Whenever I see a good thing in Scotland or anywhere else, being an Irishman myself, I always take advantage of it, and try to get it adopted where I happen to reside at the moment. Some years ago it happened that the borough treasurer and the clerk of the council of Walthamstow and myself spent our holidays together, and we went round those banks in Scotland to find out their experience and to apply it, if possible, with advantage to the borough in which we live. As a consequence we established one of those local banks in Walthamstow. I was made chairman, and I am still chairman of it. We started that bank with a capital of 22s.—not a very big start for a bank—in 22 1s. shares, for there were 22 members of the local authority who were prepared to subscribe a shilling each for a share. Our bank has gone ahead, and we have, in fact, lent to the local council between £50,000 and £60,000, all arising out of that 22s. subscribed a few years ago. We loan it to the local authority at a rate of interest lower than the Public Works Loan Board have been able in, I think, any case to loan it.
Incidentally, the people who deposit their money there get a somewhat higher rate of interest than they can get in the Post Office or similar places. I would like an assurance that nothing will be done by this Bill to prevent those banks in Scotland, and certainly my own bank—I call it my own bank, but I get nothing out of it; nor does anybody else associated with it get payment—from continuing. It is an advantage to the people who deposit their money, because they get a higher rate of interest, and an advantage to the local authority, because they pay a lower rate of interest than they would pay if they borrowed in the public money market or from the Public Works Loan Board.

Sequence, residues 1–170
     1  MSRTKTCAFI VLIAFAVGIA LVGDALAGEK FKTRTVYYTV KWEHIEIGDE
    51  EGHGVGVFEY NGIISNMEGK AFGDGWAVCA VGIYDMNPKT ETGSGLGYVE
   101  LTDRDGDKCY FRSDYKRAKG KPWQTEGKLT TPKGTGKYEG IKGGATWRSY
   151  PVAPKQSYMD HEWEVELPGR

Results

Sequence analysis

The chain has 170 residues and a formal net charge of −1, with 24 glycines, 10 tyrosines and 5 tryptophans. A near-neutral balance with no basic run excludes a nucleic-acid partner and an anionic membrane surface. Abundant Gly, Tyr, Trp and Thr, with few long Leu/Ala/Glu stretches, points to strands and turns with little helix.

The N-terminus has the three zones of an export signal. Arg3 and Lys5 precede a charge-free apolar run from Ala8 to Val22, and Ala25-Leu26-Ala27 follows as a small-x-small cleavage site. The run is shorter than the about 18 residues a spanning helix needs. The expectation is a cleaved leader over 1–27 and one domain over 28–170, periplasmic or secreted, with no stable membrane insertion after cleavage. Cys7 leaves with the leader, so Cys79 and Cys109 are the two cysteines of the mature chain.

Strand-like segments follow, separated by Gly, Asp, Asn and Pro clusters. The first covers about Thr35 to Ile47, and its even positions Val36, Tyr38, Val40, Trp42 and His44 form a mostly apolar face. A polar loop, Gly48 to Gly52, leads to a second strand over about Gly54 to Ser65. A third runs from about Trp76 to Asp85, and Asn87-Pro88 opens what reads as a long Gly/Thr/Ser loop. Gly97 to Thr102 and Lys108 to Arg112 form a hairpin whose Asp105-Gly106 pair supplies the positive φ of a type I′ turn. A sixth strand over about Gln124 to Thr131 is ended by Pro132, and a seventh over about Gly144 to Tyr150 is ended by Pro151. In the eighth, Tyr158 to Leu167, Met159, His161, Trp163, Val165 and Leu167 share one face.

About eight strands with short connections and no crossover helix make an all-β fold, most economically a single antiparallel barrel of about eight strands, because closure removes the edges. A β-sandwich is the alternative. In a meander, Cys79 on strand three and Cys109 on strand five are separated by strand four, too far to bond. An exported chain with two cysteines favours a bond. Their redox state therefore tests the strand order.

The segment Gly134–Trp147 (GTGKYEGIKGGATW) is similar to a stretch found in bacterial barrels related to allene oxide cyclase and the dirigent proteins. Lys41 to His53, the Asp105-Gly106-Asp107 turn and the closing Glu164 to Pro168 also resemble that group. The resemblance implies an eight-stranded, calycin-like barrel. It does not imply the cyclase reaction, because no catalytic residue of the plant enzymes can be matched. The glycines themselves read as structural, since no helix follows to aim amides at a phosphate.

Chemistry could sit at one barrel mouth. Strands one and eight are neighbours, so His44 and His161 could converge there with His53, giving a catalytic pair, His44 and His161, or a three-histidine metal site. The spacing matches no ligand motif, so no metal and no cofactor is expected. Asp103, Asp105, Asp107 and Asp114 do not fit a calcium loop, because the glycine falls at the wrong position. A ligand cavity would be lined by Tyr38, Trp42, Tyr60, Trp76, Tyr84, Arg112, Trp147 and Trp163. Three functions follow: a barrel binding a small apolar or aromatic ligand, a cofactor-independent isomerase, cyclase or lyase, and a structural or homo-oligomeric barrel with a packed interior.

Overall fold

I am concerned also with the Small Dwellings (Acquisition) Acts. In Walthamstow, for a number of years, we 1783 have lent considerable sums to people who desire to buy their houses. We have borrowed the money from the Public Works Loan Board, and the rate of interest has, on the whole, been satisfactory. My recollection is that at one time the rate was 3¼ per cent. If there were a "break" clause, and we were able to take advantage of recent borrowings in the public money market, we could borrow at 2¾ per cent., and redeem the loan from the Board. If we are compelled to borrow from the Public Works Loan Board only, there is no guarantee that 3¼ per cent. will not be exceeded: we may be compelled to pay 3½ per cent. Then, some time after it may be possible to borrow in the public money market at 2½ per cent. Why should we be compelled to continue paying 3½ per cent. if, by having a "break" clause, we could pay off that money by borrowing at a lower rate of interest in the public money market? I am also concerned as to whether money will always be readily available if the Public Works Loan Board is the only source from which we can borrow. There have been times when the Government have prevented local authorities from borrowing at the moment when the local authorities wanted to do so. We have obtained sanction to borrow from one Department, who have said that the purpose for which we wished to borrow appeared to be a very good one, but the Treasury would not sanction the loan at that time; and long delay has occurred. Can we have a guarantee that there will not be very long delays in allowing local authorities to borrow for any good purpose, and particularly for the purposes of the Small Dwellings (Acquisition) Acts?